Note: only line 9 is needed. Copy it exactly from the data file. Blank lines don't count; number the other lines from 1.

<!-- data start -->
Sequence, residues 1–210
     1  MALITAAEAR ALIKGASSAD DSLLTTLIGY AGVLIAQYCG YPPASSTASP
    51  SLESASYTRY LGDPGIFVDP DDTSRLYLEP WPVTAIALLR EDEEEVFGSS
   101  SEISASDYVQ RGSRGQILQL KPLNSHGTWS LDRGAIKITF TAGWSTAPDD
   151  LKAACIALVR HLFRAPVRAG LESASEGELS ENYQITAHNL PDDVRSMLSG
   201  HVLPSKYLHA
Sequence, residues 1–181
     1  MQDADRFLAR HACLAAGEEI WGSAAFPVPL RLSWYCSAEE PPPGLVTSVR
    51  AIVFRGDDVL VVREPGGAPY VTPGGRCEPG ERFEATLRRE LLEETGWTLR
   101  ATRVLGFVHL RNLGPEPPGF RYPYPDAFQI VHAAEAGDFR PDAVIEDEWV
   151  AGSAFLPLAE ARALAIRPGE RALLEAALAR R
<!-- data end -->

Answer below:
    51  AIVFRGDDVL VVREPGGAPY VTPGGRCEPG ERFEATLRRE LLEETGWTLR